X-ray diffraction patterns collected from the SPS samples are presented in Fig. 1. Fig. 1 shows that after SPS, Dy0.4Co3.6Ni0.4Sb12 and Dy0.4Co3.2Ni0.8Sb12 samples are completely pure skutterudite phases. The Bragg peak appearing at 2θ = 31.26 degree is the most intense peak from the (013) plane of the CoSb3 phase (X-pert reference code: 98-007-6888) and shifts towards left with an increase in Ni concentration indicating the increase in lattice parameters with increasing Ni. The lattice parameter is evaluated using Rietveld refinement of the XRD data and is presented in Table 1. The increase in the lattice parameter with an increase in Ni doping concentration is due to the gradual merging of the secondary Sb phase into the lattice. The crystallite size calculated from the XRD data using full width half maxima of the most intense peak from the (013) plane confirms that the investigated samples are of nanocrystalline nature (Table 1). The nanocrystalline nature of skutterudites is also reported earlier by several authors.42–44 The density of all the samples was calculated using the Archimedes principle and is tabulated in Table 1. It shows that the investigated samples are of high density, and the relative density is ∼98% and above.
image file: c8se00395e-f1.tif
Fig. 1 X-ray diffraction pattern from the spark plasma sintered pellets of Dy0.4Co4Sb12, Dy0.4Co3.6Ni0.4Sb12 and Dy0.4Co3.2Ni0.8Sb12 samples.
Table 1 Physical parameters calculated for all the samples from XRD, TEM and thermoelectric data
Sample Dy0.4Co4Sb12 Dy0.4Co3.6Ni0.4Sb12 Dy0.4Co3.2Ni0.8Sb12
Nominal composition 2.44:24.4:73.16 2.44:21.96:2.44:73.16 2.44:19.52:4.88:73.16
Actual composition 2.66:26.33:71.01 2.87:24.43:2.4:70.3 3.3:22.17:4.93:69.6
Lattice parameter (Å) 9.022 9.036 9.039
Crystallite size (nm) 31 56 36
Grain size (nm) 60 60 60/200
Density (g cm−3) 7.8 7.8 7.8
Density (% theoretical density) 98 98.4 98.5
ρ at 300 K (10−6 Ω.m) 385 20.6 7.4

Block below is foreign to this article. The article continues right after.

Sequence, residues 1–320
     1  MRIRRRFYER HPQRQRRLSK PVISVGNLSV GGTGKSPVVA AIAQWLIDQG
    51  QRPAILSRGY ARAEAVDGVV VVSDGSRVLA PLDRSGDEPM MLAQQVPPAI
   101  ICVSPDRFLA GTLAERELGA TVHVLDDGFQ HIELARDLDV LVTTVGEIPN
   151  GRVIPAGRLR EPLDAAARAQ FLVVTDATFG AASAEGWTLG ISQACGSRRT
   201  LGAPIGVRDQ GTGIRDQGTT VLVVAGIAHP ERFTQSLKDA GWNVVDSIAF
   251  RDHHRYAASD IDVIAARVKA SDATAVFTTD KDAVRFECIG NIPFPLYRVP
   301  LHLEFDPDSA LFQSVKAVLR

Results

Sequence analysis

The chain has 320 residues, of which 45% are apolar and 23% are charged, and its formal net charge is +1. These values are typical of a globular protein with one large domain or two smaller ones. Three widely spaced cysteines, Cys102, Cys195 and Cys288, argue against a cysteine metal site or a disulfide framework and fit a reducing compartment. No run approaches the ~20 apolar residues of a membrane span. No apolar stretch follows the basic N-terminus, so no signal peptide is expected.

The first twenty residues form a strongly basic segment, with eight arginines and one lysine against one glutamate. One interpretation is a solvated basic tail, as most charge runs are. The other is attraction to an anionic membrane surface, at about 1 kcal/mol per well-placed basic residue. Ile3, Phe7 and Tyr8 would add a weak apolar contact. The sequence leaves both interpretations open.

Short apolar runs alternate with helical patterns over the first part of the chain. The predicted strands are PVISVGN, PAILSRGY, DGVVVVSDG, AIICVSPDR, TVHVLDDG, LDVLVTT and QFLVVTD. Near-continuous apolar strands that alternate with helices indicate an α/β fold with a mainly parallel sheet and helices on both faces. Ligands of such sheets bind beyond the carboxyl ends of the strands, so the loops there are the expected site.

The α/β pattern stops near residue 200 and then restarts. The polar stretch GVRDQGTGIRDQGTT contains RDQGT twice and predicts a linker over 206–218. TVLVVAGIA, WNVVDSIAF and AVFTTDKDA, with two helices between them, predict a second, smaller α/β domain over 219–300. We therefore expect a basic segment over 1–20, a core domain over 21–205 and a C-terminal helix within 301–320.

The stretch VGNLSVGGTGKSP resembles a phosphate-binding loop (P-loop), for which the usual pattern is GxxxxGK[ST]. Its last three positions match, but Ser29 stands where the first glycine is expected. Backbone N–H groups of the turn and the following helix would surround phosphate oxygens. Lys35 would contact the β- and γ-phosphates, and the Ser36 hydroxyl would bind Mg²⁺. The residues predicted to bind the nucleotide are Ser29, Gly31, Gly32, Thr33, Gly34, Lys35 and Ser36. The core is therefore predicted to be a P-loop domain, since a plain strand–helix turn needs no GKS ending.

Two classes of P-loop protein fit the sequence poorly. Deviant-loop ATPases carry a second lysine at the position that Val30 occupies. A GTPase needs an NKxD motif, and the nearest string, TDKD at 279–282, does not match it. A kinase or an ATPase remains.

S At 300 K (μV K−1) −75 −100 −90
n (1020 cm−3, calculated from Seebeck data) 1.3 6.1 6.3


In order to understand the detailed microstructure evolution in the investigated samples, high resolution TEM has been carried out. Fig. 2 shows the typical bright field TEM images and selected area electron diffraction (SAED) from Dy0.4Co3.6Ni0.4Sb12 and Dy0.4Co3.2Ni0.8Sb12 samples. In the case of the Dy0.4Co4Sb12 sample, it is clearly seen that well-developed angular grains with an average size of 60 nm are obtained. The grain size is in agreement with that of the pure CoSb3 fabricated by the solid state method (>100 nm),45,46 but much smaller than those of the samples fabricated by arc melting (∼5 μm).47 The nanometer size grains in our investigated samples might help in improving the phonon scattering.48–50Fig. 2(b and c) show the SAED pattern from the Dy0.4Co4Sb12 and the diffraction ring corresponds to the CoSb3 phase. Fig. 2(c) shows the bright field TEM images of the Dy0.4Co3.2Ni0.8Sb12 sample. The grain morphology and distribution are completely different from those of the other two samples. It is really surprising to see that there is a bimodal distribution of grains, where smaller grains have a size of < 100 nm (∼60 nm) and bigger elongated grains have an average size around 200 nm in the Dy0.4Co3.2Ni0.8Sb12 sample. This type of bimodal distribution of grains is not reported earlier for Ni doped skutterudites.41,42,44Fig. 2(d) shows bigger grains of size ∼200 nm and the inset shows the diffraction pattern from the [220] plane of CoSb3. Fig. 2(e) shows smaller grains of size ∼60 nm and the inset shows the SAED pattern corresponding to the [111] plane for cubic CoSb3. No secondary phase is observed in the Dy0.4Co3.2Ni0.8Sb12 sample. The larger grains in the Dy0.1Ni0.2Co0.8Sb3 sample can be referred to as recrystallized grains. Since the ball milled powder of the Dy0.4Co3.2Ni0.8Sb12 sample contains more skutterudite phase, the phase evolution completed in a very short span of time during SPS. Once the phase formation is complete, grain growth/recrystallization might happen as the dwelling temperature of SPS is 873 K which is more than 0.5 times the melting point of the CoSb3 phase (1147 K).51 Although, all the samples are processed under the same conditions, only the Dy0.4Co3.2Ni0.8Sb12 sample contains bimodal grains and the other two samples have only equiaxed grains. The inset in Fig. 2(c) shows the SAED pattern from the marked dotted square area of Fig. 2(c). It is very clearly observed that there exist two cubic CoSb3 lattices close to each other having different angles or slightly tilted to each other, which is indicated by the two close diffraction spots (marked in dotted circles). From Fig. 2(c–e), we can confirm that the Dy0.1Co0.8Ni0.2Sb3 sample contains nano to submicron size grains. Several moire fringes are observed in the high resolution TEM bright field images of the Dy0.1Co0.8Ni0.2Sb3 sample as indicated by solid arrow lines in Fig. 2(f and g). More fringes arise because of overlapping lattice fringes from adjacent crystals with slight misorientation. A few defects are also observed on the grains as indicated by the dotted arrow line in Fig. 2(g).